The three parties entered into a memorandum of understanding (MoU) to explore future participation in the Australian military satellite internet business.
The MoU, which was signed during the UK’s Farnborough International Airshow, is designed to facilitate communication between the three parties for provision of connectivity services to the Australian defence market.
Particularly, it is hoped that the MoU will identify how the companies can combine their core capabilities to achieve the competitiveness required for Australian Military Satellite Tactical Internet Program participation.
As outlined in a release from Hanwha Defense Australia (HDA), the companies have identified leveraging:
- Hanwha Systems Corporation’s (HSC) vehicle-type satellite communication terminal solutions and system integration;
- HDA’s K9 self-propelled howitzer and Redback armoured vehicle platforms and local marketing activities in Australia based on the ground knowledge of the customer; and
- OneWeb’s LEO satellite connectivity services.
According to the company, the parties are looking to develop a satellite internet solution by integrating OneWeb’s high-speed, low latency, low-Earth orbit satellite connectivity services with HSC’s satellite communications antenna which is currently under development.
The MoU follows significant advances in communications capabilities by HSC and HDA.
It was revealed that both HSC and HDA responded to the Australian government’s LAND 4140 Request for Information, designed to develop a multi-layered communications program for defence. This is expected to leverage HSC’s track record in delivery C4I programs for South Korean forces.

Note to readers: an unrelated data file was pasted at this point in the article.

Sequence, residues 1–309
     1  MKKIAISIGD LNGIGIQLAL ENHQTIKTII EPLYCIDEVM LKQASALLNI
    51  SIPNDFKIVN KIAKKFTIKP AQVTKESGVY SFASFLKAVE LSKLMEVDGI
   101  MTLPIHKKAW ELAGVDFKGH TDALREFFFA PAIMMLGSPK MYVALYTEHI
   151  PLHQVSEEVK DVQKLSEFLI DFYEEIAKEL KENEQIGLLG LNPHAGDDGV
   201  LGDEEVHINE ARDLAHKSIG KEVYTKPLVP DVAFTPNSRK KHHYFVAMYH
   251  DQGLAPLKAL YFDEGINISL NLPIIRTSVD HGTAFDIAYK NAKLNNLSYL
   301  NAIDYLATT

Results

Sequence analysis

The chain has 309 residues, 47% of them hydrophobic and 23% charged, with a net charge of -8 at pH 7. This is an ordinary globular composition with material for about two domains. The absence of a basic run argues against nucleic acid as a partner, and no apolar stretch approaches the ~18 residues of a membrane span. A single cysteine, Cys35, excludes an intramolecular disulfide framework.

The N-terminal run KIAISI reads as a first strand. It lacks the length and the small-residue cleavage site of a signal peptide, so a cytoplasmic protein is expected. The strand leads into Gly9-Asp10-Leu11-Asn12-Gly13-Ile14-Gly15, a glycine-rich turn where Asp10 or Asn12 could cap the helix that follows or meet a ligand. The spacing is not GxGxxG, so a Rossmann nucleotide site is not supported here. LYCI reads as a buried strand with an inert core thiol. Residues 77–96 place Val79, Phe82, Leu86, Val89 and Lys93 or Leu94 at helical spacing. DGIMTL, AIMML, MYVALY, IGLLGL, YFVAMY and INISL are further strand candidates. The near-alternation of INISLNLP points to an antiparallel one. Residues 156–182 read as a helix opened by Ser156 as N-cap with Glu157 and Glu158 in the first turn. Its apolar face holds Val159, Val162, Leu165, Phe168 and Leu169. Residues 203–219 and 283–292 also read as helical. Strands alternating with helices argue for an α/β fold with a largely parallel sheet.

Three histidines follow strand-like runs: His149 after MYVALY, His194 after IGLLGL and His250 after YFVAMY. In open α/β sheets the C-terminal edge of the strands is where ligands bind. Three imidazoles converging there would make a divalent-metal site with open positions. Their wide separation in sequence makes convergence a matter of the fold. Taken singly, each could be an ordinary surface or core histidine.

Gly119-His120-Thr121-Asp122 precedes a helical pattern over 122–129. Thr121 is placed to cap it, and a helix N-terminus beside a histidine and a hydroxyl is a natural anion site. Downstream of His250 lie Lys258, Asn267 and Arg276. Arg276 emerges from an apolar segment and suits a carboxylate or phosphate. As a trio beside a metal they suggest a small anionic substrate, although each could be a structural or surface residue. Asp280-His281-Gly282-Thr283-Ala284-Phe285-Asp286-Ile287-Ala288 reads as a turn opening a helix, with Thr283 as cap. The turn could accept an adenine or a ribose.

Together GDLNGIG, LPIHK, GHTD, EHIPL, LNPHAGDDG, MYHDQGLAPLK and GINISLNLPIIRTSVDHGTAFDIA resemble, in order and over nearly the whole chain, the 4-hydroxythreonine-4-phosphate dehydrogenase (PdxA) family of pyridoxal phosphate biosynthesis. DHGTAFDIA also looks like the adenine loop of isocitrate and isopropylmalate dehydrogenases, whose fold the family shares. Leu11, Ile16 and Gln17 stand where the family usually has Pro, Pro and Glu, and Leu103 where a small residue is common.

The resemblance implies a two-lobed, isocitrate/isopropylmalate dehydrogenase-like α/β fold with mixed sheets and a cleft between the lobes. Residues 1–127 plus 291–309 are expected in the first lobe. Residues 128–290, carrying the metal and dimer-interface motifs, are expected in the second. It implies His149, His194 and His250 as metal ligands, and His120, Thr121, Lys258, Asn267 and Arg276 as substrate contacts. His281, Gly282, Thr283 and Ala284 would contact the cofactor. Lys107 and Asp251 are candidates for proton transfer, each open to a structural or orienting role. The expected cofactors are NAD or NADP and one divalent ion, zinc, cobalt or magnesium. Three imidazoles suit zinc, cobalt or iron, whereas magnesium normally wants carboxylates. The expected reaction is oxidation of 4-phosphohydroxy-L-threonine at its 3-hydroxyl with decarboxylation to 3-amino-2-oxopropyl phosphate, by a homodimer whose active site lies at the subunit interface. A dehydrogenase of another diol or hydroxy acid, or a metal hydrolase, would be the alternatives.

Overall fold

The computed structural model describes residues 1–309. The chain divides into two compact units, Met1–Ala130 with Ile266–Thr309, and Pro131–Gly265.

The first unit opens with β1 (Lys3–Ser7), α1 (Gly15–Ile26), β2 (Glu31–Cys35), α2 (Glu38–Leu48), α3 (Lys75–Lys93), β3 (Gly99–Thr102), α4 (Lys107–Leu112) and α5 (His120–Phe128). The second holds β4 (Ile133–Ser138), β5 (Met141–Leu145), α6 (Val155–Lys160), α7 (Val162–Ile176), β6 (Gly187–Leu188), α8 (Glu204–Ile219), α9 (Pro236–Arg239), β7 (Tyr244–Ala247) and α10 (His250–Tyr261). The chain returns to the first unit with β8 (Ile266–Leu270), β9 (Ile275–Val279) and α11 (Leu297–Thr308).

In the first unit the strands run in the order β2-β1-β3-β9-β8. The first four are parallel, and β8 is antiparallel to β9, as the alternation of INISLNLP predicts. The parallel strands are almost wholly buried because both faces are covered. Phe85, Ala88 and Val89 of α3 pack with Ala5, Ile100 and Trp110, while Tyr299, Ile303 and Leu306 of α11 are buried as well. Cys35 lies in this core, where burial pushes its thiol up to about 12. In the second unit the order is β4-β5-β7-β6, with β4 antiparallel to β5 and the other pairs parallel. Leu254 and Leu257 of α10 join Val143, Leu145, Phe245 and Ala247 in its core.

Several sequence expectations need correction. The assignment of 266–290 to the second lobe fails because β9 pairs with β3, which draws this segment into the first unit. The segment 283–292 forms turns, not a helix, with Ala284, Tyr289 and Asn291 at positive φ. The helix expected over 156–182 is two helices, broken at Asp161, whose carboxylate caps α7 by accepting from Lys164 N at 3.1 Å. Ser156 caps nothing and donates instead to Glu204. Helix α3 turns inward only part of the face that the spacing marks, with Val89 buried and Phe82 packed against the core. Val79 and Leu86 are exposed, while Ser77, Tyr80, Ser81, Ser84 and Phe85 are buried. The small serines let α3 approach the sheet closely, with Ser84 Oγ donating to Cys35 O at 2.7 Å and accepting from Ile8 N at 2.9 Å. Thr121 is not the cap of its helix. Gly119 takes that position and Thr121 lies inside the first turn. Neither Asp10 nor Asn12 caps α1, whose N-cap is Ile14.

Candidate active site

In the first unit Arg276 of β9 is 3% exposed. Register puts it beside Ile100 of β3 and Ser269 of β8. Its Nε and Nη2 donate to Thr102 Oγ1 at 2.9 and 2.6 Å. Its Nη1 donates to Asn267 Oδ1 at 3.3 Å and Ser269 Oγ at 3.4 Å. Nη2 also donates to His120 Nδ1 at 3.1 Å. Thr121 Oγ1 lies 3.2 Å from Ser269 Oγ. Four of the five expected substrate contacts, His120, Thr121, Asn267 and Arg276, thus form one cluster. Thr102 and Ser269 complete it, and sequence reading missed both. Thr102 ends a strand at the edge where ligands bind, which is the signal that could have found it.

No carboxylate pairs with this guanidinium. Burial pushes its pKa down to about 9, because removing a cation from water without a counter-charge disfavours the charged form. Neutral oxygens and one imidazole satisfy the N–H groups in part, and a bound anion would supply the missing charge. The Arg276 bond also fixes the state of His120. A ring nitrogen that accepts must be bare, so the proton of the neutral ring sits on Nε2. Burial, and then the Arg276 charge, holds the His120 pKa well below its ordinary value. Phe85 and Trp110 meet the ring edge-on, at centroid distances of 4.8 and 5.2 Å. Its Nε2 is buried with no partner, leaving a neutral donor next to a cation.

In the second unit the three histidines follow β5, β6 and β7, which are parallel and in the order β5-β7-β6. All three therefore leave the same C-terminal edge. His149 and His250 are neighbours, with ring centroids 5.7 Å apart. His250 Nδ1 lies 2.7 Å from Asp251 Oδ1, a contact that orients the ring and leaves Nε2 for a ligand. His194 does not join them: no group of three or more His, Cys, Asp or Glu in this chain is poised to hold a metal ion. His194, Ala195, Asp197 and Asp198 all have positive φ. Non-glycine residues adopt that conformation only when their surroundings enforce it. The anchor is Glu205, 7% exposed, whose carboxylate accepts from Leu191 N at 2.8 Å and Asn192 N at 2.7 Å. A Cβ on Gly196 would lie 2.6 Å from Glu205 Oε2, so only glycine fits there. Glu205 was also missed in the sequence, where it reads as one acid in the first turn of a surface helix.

HSC further acquired Phasor Solutions in 2020, a UK-based satellite communication antenna developer, which now focuses on developing next generation antennas as Hanwha Phasor.
HSC has also invested significantly in developing the industry, including a $300 million investment in OneWeb in August 2021.
In 2020, HSC also invested $30 million in Kymeta, an electronically steered antennas company, with an additional $11 million investment in March, forming a strategic partnership between both companies.
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“We are happy to be working with our sister company HSC and with OneWeb to explore opportunities to expand our Australian footprint into the space domain,” Richard Cho, managing director of Hanwha Defense Australia, said.
“This is an important growth area for us.”
The announcement comes as OneWeb scales up its satellite constellation, with 428 satellites already deployed.
“We are delighted to be partnering with Hanwha to utilise our satellite connectivity solutions in the Australian defense market. We know firsthand how Hanwha’s high-quality technological thinking and development complements the capabilities of OneWeb’s LEO network, ensuring customers worldwide benefit from improved connectivity,” Neil Masterson, chief executive officer of OneWeb, continued.
According to Songchul Eoh, chief executive officer of Hanwha Systems, the collaboration is expected to broaden the technological capabilities of the partners.
“We have high hopes on this MoU, which will give us greater opportunities to bring tangible outcomes together, already having made significant investments in this technology area,” Eoh said.
“Going forward, we will cooperate with various companies with competitive technologies, at home and abroad, in order to strength our position in the global market, particularly to approach such countries as Saudi Arabia and Poland, who require satellite internet.”